You may have read portions of this blog on WITS in 2012. It’s still a winner.
Writers are all powerful. Well, in their fictional worlds they are all powerful.
Two of the 74,386 story dynamics that writers control are expanding time and compressing time. Today we’ll focus on the most fun of the two, and the one writers sometimes neglect: expanding time.
When would you want to expand story time?
When scene events justify zooming in on the POV character’s experience, minute by minute, or second by second. Maybe even picosecond by picosecond.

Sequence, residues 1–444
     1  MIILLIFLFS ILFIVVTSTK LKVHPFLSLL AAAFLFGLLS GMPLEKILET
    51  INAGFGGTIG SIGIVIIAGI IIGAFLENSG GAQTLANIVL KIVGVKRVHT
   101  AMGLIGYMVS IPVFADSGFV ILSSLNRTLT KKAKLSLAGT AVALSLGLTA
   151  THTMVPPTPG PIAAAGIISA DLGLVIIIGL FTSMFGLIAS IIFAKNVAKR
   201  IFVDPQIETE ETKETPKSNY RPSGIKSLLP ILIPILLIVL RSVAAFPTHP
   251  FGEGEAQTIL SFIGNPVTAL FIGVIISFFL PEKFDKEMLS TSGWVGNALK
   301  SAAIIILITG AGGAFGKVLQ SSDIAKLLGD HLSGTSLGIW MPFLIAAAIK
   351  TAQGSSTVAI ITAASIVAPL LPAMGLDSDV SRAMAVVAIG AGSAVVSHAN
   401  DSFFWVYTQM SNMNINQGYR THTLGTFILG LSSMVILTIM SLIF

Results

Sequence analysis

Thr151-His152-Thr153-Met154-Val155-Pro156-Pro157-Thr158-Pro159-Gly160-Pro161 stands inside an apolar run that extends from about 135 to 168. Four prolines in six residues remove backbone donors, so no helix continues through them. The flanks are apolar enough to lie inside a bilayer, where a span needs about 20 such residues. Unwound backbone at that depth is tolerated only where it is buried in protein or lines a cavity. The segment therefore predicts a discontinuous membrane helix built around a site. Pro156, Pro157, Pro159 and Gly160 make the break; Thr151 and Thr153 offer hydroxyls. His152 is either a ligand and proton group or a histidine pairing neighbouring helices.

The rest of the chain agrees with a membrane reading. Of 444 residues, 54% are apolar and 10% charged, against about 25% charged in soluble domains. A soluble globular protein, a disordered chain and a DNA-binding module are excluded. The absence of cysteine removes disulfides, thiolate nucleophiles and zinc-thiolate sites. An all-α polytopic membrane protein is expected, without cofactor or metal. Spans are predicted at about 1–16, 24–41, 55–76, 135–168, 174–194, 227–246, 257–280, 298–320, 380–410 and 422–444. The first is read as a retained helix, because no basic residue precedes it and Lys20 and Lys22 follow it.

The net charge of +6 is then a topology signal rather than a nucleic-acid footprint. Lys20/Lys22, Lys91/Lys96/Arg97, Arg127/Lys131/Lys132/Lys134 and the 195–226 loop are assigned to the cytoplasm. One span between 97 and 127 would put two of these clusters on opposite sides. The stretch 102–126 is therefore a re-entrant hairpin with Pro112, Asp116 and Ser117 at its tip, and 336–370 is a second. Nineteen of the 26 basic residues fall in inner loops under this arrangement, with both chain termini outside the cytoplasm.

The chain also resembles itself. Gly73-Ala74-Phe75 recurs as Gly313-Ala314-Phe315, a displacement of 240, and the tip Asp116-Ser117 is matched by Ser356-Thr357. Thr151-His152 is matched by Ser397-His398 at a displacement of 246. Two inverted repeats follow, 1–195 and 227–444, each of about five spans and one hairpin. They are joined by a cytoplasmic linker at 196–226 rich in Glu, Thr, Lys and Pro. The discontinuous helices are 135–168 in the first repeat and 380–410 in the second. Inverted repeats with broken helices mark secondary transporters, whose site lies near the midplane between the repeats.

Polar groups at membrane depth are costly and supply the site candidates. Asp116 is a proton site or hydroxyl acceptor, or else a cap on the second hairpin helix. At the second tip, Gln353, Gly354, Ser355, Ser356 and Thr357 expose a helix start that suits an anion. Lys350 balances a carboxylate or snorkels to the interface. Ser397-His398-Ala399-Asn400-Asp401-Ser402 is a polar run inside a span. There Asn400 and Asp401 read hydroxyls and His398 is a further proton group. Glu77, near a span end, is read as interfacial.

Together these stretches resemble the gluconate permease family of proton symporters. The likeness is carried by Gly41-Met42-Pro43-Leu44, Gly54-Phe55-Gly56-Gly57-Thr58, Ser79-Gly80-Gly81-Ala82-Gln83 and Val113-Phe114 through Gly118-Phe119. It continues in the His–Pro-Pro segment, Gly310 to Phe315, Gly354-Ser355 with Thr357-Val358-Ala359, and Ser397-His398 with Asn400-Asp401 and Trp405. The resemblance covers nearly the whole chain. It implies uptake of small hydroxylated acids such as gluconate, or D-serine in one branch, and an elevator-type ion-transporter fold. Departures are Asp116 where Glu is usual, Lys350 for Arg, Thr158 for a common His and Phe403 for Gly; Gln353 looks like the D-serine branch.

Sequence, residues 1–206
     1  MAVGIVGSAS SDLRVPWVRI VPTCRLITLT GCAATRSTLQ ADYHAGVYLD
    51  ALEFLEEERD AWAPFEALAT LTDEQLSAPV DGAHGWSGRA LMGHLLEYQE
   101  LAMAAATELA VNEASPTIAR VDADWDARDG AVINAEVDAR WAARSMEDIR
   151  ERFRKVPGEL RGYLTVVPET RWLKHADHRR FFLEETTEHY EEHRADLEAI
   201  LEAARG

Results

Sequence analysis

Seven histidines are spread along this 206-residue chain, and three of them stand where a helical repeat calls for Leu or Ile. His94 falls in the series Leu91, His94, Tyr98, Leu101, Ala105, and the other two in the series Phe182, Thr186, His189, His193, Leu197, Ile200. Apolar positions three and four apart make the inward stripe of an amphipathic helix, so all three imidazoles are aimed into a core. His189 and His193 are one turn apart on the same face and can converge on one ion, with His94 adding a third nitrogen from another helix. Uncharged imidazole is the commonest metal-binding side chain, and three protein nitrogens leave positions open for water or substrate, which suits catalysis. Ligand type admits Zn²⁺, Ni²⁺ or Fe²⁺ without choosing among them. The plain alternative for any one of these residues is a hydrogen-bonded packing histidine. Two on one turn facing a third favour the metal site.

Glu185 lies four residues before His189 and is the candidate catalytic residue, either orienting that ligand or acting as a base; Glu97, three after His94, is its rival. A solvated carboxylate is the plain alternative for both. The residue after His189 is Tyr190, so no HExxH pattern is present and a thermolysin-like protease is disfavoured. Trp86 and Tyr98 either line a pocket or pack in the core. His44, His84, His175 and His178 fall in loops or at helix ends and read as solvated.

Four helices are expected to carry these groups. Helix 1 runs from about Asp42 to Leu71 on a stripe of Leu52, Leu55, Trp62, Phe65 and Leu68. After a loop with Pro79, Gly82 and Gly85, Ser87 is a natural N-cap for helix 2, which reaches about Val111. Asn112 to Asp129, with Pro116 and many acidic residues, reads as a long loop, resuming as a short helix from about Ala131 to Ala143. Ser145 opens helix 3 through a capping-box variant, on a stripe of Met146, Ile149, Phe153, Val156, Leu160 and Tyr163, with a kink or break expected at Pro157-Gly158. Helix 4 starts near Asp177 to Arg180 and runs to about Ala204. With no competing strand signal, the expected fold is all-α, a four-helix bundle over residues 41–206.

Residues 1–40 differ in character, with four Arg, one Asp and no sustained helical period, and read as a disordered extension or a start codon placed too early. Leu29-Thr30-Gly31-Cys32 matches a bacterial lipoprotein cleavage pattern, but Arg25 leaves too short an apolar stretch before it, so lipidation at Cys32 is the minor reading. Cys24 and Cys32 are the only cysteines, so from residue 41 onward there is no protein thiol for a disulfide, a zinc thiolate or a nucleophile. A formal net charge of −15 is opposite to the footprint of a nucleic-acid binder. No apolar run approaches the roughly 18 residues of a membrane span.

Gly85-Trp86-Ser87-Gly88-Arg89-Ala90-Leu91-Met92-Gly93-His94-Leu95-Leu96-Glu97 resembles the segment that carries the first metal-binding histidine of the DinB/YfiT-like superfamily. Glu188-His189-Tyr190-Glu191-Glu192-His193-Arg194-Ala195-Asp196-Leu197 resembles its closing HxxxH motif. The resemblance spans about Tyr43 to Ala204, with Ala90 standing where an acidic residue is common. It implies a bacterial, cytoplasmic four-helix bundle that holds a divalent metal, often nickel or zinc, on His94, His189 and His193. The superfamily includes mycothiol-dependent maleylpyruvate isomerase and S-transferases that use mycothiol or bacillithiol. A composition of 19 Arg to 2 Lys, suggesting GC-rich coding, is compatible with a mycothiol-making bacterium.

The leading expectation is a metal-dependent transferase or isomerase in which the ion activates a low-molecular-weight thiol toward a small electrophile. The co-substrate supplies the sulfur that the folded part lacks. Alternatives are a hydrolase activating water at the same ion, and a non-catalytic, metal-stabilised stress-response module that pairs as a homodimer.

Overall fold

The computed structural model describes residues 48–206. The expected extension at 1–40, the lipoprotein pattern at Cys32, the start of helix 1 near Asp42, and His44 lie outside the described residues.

You’ve got to love that word. Picosecond, one trillionth of a second.
In real life, people can send and receive up to 10,000 nonverbal cues in less than one minute.
Yes. That’s a true statement.
We can process up to 10,000 nonverbal cues in less than a minute. Such a shocking number, and cool too.
When what’s happening in your scene is critical or crucial, decisive or dangerous, life-changing or life-threatening, you want to expand time, big time. Don’t hold back. I recommend writing it bigger than you normally would, then rein it back in until it’s just right.
My first example is from Joan Swan’s debut paranormal romantic suspense, Fever. Now Joan has over twenty books out as Joan Swan and Skye Jordan.
Read the rest of this post HERE.